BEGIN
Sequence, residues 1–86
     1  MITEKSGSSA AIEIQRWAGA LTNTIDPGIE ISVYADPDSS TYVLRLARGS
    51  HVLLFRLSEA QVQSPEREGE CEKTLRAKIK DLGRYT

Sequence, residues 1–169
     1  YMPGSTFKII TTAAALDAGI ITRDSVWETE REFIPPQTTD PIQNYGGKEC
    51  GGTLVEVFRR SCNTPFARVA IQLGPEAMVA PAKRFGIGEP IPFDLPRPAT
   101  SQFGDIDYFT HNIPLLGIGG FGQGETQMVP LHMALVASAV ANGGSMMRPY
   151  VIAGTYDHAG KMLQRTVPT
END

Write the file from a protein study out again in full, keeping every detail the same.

Sequence, residues 1–86
     1  MITEKSGSSA AIEIQRWAGA LTNTIDPGIE ISVYADPDSS TYVLRLARGS
    51  HVLLFRLSEA QVQSPEREGE CEKTLRAKIK DLGRYT

Sequence, residues 1–169
     1  YMPGSTFKII TTAAALDAGI ITRDSVWETE REFIPPQTTD PIQNYGGKEC
    51  GGTLVEVFRR SCNTPFARVA IQLGPEAMVA PAKRFGIGEP IPFDLPRPAT
   101  SQFGDIDYFT HNIPLLGIGG FGQGETQMVP LHMALVASAV ANGGSMMRPY
   151  VIAGTYDHAG KMLQRTVPT